Boss. But he’s never smoked a cigarette, taken a drink

or drug (except for once at the Burning Man festival

when someone slipped him mushroom tea.)

He’s raced motocross professionally and has broken

his shoulders, ankles, feet, toes, ribs and nose in the

process — as well as his back and neck in an industrial

accident at work. But at 39, everything works pretty

well and he swims, bikes or runs every day.

He’s has had bit parts in the movies “Cry Baby” and

“Avalon” and has done some television commercials,

but never took an acting class in his life. He’s built

bicycles for the likes of Russell Crowe.

A mechanic by trade, Rhoten’s worked at the Carroll

County landfill for the past 10 years. He makes the 30mile

commute by bike.

He often doesn’t sleep at all on Saturday nights,

preferring to go out for 75-mile bike rides from

Westminster to Frederick or Gettysburg and then

come home and work in his enormous shop on

Frizzelburg Road until the sun comes up.

“I always try to include a ride up Gambrill Road (a

huge climb in the state park by the same name),” he

recently told SPOKES.

28 April 2008

COMMUTER CONNECTION by RON CASSIE ron_cassie@yahoo.com

Green-conscious, he built a vegetable oil furnace to

heat the place through the winter, collecting used oil

for free from area restaurants.

A steel sculptor, showing his art at the colorful, highlyregarded

SOWEBO festival, and now he’s about to

open a bike shop in Martinsburg, W. Va.

He began entering triathlons several years ago, and

Laurel Bicycle Center

We have always been focused

on trying to make your

cycling experience as

enjoyable as possible. Striving to provide

the highest quality of service plays a big

part in reaching that goal. Whether you ride

only a few times each year or cycle every

day, have a basic bike or the latest racing

machine, we make a point of treating every

cyclist as an important customer. We want

you to have fun riding! Regardless of what

and how much you ride, we are here to

help. We have a small but talented staff of

older and extremely experienced people,

dedicated to making your visit to our store a great one. They are truly

motivated to help people, and really care about you, not just how

much you spend. We know how to work on bikes old and new, and our

advice and guidance for purchasing a new bike is simply the best. We

are proud to have been here to serve this community for over 50 years,

and intend to be here for many more.

—The Sawtelle Family and staff of Laurel Bicycle Center

Laurel Bicycle Center

14805 Baltimore Ave.

US Rt.1 across from Laurel Mall

www.bicyclefun.com

301-953-1223/301-490-7744

Monday-Friday 10 am-7 pm

Saturday 9-6/Closed Sunday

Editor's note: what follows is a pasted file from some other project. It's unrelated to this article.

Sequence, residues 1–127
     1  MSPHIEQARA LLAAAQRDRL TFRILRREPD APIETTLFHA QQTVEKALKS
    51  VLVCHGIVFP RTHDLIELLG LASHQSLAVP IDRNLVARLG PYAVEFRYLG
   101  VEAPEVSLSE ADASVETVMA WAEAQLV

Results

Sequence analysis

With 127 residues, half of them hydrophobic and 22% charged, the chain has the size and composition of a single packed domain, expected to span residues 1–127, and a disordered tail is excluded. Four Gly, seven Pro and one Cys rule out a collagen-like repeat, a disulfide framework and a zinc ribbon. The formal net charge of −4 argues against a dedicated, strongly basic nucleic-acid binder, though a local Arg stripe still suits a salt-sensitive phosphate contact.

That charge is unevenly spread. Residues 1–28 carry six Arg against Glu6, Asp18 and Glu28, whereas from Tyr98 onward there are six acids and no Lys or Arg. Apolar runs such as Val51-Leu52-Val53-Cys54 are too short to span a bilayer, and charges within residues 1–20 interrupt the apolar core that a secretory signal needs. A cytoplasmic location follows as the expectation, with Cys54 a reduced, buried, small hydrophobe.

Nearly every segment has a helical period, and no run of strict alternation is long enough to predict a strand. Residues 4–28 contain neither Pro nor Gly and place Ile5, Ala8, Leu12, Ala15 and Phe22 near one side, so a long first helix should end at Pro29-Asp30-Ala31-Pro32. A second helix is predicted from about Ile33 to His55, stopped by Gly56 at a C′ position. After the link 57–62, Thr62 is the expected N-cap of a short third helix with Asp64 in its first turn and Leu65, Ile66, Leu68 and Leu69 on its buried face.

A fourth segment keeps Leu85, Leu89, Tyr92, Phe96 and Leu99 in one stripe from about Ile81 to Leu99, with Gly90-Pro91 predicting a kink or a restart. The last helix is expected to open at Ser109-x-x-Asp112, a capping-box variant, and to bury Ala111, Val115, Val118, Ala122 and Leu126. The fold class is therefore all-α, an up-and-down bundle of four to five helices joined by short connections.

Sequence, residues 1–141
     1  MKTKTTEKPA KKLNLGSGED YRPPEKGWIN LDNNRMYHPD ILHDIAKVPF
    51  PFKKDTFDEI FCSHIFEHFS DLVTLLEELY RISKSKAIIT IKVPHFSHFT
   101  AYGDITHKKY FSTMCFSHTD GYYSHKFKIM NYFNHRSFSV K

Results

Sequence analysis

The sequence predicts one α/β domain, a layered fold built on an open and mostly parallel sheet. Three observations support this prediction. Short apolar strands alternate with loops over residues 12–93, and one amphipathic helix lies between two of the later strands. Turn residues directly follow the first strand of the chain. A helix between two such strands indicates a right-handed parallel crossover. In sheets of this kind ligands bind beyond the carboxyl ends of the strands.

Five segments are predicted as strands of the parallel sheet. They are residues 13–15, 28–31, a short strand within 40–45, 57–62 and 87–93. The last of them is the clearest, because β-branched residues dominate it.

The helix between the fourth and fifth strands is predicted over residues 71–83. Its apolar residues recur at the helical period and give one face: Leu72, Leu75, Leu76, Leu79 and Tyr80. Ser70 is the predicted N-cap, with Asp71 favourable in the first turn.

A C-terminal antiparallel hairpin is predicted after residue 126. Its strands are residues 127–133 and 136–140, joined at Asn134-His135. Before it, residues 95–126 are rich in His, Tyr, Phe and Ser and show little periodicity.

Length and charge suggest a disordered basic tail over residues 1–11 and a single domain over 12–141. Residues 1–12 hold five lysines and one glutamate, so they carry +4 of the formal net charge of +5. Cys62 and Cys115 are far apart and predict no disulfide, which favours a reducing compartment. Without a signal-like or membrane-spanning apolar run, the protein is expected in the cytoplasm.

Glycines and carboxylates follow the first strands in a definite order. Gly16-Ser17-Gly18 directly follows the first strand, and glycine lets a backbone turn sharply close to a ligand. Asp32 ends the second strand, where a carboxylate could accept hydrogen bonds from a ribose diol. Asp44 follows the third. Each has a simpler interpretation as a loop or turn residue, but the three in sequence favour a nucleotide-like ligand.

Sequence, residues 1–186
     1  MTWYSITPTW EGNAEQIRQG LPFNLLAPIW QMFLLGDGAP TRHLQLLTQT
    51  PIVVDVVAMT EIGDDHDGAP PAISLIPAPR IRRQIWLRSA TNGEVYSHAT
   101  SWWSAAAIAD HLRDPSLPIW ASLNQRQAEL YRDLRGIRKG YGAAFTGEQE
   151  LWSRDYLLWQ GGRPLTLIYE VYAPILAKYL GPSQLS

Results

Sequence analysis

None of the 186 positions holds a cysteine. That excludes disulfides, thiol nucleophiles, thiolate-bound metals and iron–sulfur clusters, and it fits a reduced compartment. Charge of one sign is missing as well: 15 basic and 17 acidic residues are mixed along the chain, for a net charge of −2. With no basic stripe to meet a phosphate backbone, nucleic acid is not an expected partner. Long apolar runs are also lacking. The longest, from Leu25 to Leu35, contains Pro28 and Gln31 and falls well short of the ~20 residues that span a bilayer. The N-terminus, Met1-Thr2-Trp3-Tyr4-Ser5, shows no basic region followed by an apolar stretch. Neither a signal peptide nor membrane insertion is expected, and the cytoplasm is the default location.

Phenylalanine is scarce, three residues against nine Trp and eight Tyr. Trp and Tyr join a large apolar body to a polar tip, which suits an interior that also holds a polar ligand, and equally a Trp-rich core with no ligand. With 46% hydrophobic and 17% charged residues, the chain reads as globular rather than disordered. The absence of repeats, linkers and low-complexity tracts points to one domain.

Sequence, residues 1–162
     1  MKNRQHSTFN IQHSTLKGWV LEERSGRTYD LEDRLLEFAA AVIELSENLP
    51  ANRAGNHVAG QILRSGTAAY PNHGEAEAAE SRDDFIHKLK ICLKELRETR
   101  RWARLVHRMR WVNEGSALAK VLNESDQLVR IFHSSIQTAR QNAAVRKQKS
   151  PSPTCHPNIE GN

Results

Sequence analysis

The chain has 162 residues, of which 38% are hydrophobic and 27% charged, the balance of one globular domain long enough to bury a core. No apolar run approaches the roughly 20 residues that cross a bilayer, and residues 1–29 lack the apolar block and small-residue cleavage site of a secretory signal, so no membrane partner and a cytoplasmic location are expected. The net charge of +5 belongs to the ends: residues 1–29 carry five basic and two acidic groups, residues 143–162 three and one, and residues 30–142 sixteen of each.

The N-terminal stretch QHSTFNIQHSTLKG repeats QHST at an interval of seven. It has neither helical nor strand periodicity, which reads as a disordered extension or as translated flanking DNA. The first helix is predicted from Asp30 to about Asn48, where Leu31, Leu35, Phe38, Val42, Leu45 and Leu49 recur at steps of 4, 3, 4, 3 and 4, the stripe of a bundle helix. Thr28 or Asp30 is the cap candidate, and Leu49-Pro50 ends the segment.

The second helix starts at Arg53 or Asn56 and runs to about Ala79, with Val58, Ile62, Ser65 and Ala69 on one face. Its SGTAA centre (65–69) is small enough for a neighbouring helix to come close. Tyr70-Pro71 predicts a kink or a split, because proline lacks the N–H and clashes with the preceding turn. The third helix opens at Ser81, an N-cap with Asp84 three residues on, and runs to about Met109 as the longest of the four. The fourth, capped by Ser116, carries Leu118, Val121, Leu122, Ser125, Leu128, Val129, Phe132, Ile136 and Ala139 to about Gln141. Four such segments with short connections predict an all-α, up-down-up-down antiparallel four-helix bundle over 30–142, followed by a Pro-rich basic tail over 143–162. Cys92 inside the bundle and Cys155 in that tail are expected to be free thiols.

Former Carroll County professional motocross rider Chris Rhoten

has done well, except however, race officials have a

hard time finding some bare skin to write his number.

He’s covered in tattoos.

Oh yeah, he’s married and has a three-year old son.

He takes the boy for 40-mile rides in his bike seat on

the C & O Canal.

Rhoten, obviously, isn’t one to take the easy or conventional

path and that includes his daily commute to

the landfill.

First, he gets up and leaves by 5 a.m. everyday. To

increase his mileage, he doesn’t take the direct route

along Reisterstown Road, but winds through back

roads and dirt trails — which is why he doesn’t typically

use one of his road bikes, instead peddling a

Cannondale hybrid so he can ride fatter tires.

He packs his saddlebags with tools, patches, tubes,

tape, a thermos of coffee, food and change of clothes.

However, this isn’t some fancy white collar job he’s

heading to on K St. with an employee locker room.

“No, there is no where to shower,” Rhoten said, with a

laugh. “I try to drink a lot of water and get clean from

the inside out."

“I’m just filthy at work anyhow,” he continued. “I work

at the landfill. Believe after I get off, people standing

in line next to me at the Wawa would never guess I do

triathlons.”

He’s ridden in the snow, in zero degree days, on rare

days when he’s had to change three flat tires, but he’s

insistent.

About four years ago, he said, he went on his annual

mountain biking trip with his buddy Dick Burleson,

a former motorcycle racing national who turned 60

years old recently and what he said changed Rhoten’s

life. Well, turned it up another notch at least.

“He had broken all these bones, too, over the years,”

Rhoten recounted. “And what he told me was you

got to keep moving your body. You’ve got to exercise

like crazy and never stop because the minute you do,

those things will stiffen up on you, and then you won’t

ever be able to do the same things again.”

Rhoten had been mountain biking since he was a

teenager and racing motocross. He said he did it, like

a lot of the motorcycle guys did, to stay in shape. And

he eventually started road riding, commuting to an

earlier job with Carroll County for several years in the


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mid-90s. He stopped, however, and just peddled off

and on – other than his mountain biking — for years

until Burleson pushed him to do more.

In 2006, he said he kept a log and documented riding

11,000 miles.

His wife Jessica has done some marathons in the past,

still is a pretty avid runner herself and supports his

bike riding and commuting, he said.

“But, yeah”, he laughed again, “she told me, ‘You’ve

got a problem’, when I was doing that much riding. I

was ridiculous.”

Rhoten said one day, about eight months ago, he just

stopped keeping count. The batteries in his bike’s

computers died and he didn’t bother to replace

them.